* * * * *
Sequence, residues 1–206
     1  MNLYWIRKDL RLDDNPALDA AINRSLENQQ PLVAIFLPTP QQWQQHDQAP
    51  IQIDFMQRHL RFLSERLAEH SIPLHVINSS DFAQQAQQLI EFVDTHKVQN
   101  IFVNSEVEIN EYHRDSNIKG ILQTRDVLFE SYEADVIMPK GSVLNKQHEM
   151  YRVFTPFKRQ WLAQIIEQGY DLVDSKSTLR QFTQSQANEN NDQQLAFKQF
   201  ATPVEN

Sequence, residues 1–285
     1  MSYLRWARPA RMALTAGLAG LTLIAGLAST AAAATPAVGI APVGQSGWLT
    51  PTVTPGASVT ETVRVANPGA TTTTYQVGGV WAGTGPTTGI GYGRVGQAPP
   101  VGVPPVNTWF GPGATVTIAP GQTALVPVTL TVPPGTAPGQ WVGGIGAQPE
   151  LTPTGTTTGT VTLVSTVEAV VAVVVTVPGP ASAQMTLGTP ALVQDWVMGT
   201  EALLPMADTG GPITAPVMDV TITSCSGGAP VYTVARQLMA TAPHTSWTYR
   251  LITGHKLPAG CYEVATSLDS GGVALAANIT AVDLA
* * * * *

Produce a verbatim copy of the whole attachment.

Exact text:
Sequence, residues 1–206
     1  MNLYWIRKDL RLDDNPALDA AINRSLENQQ PLVAIFLPTP QQWQQHDQAP
    51  IQIDFMQRHL RFLSERLAEH SIPLHVINSS DFAQQAQQLI EFVDTHKVQN
   101  IFVNSEVEIN EYHRDSNIKG ILQTRDVLFE SYEADVIMPK GSVLNKQHEM
   151  YRVFTPFKRQ WLAQIIEQGY DLVDSKSTLR QFTQSQANEN NDQQLAFKQF
   201  ATPVEN

Sequence, residues 1–285
     1  MSYLRWARPA RMALTAGLAG LTLIAGLAST AAAATPAVGI APVGQSGWLT
    51  PTVTPGASVT ETVRVANPGA TTTTYQVGGV WAGTGPTTGI GYGRVGQAPP
   101  VGVPPVNTWF GPGATVTIAP GQTALVPVTL TVPPGTAPGQ WVGGIGAQPE
   151  LTPTGTTTGT VTLVSTVEAV VAVVVTVPGP ASAQMTLGTP ALVQDWVMGT
   201  EALLPMADTG GPITAPVMDV TITSCSGGAP VYTVARQLMA TAPHTSWTYR
   251  LITGHKLPAG CYEVATSLDS GGVALAANIT AVDLA